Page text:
Wooden Garden Sculpture and Its Care
Wooden Garden sculptures make your garden or yard look stunning and appealing in any case. They complement the beautiful natural setting that surrounds your house. However, to enjoy seeing them for long years, you need to know how to take care of them.
Wooden Garden Sculptures
The choice of wooden garden sculptures gives an outdoor space its exceptional charm that certain something not found anywhere else. The garden sculptures are a great way to plant permanent cheer in flowerbeds and veggie patches, or lend whimsy to any corner or your yard. The angels, saints and cherubs make divine additions, while fairies and dragons garden statues give a mythical touch.
Wooden Garden sculptures can take many forms, from animal to human to abstract. Whether it is highly polished or hewn with a chain saw, the only limits are imagination and the size of the block of wood. The wood source can be anything from a purchased block of heartwood to the stump of a fallen tree in your garden or front yard.
Taking Care of Wooden Garden Sculptures
Your wooden carving has been given several coats of oil to protect it from the weather and inhibit splitting. It will however need a bit of care and attention to keep it looking at its best.
What You Will Need:
- Whisk broom
- Plastic tarp
- Semitransparent penetrating stain
- Watch the weather forecast for two warm, dry days for sealing outdoor wood sculpture. Try to work in the shade.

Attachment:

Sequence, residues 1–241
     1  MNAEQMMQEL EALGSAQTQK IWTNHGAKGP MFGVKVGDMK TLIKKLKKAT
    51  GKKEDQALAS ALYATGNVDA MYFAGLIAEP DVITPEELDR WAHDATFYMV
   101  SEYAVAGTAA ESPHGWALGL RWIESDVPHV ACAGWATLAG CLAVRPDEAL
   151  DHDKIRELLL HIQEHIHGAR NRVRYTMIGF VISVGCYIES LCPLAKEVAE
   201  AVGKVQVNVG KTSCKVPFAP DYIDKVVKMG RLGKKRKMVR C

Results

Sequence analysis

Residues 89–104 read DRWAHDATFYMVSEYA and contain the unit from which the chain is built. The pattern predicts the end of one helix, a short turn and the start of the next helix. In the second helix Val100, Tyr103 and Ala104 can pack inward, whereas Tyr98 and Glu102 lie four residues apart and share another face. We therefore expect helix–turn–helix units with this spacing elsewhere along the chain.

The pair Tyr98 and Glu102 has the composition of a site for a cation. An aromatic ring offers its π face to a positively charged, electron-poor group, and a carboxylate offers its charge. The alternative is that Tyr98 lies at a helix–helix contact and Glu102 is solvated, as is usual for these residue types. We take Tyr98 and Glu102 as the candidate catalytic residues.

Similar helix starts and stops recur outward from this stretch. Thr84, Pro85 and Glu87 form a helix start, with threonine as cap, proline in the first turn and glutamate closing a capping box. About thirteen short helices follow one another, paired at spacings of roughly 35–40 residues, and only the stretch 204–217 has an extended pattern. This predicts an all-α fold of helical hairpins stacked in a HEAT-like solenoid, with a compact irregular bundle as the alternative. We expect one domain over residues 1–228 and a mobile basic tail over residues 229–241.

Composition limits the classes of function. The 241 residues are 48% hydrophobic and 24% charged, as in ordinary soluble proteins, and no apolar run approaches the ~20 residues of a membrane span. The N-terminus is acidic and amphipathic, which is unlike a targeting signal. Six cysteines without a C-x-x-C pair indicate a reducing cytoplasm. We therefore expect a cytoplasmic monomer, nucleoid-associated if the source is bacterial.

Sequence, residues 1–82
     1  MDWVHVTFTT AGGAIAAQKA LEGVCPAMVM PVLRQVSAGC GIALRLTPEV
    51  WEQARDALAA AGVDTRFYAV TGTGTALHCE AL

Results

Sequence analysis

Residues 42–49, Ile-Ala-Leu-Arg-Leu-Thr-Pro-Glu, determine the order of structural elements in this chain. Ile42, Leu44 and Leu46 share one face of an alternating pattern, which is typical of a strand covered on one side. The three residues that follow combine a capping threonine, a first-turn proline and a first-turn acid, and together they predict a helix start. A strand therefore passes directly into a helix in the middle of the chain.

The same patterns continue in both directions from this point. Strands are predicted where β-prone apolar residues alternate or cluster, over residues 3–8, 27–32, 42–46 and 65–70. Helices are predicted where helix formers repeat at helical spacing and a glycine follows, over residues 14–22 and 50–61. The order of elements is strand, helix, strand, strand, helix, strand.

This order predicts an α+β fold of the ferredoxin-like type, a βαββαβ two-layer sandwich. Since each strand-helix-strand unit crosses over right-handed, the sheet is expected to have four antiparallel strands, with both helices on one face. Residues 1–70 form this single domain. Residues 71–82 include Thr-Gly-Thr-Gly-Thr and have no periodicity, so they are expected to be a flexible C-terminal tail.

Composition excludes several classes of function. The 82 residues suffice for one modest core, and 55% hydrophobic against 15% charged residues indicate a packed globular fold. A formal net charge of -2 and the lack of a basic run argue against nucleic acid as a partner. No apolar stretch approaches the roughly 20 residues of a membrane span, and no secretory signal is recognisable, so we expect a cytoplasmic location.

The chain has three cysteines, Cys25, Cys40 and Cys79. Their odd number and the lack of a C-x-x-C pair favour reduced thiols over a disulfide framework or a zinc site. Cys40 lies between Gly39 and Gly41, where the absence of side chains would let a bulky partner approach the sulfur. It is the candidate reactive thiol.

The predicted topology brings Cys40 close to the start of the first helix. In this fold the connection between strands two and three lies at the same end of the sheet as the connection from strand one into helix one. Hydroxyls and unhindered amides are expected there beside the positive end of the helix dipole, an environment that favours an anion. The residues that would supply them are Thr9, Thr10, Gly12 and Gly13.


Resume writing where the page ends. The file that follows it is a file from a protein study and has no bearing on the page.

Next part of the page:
- Spread a plastic tarp around the wood sculpture, if it is a tree stump or under it if it can be lifted. The tarp will protect surrounding vegetation from spilled or splashed stain. Whisk dust, dirt and wood particles from the surface of the wood sculpture so that stain will sink in evenly.
- Apply the first coat of semi-transparent penetrating stain with a paintbrush. Dot it into crevices of rough surfaces and use long, even strokes for smooth surfaces. Cover the surface as quickly as you can, to avoid leaving overlapping marks as the stain penetrates.
- Apply the second coat within two hours, or before the first coat dries. If the first coat has dried in some areas, you will see shiny spots where the second coat cannot sink into the wood. Wipe excess stain away as you go, with a soft cloth or damp sponge.
- Allow the stain to cure for two days, then tip the sculpture onto its side and stain the bottom in the same manner. This will protect the bottom of the sculpture from insect damage and rot from fungus or bacteria.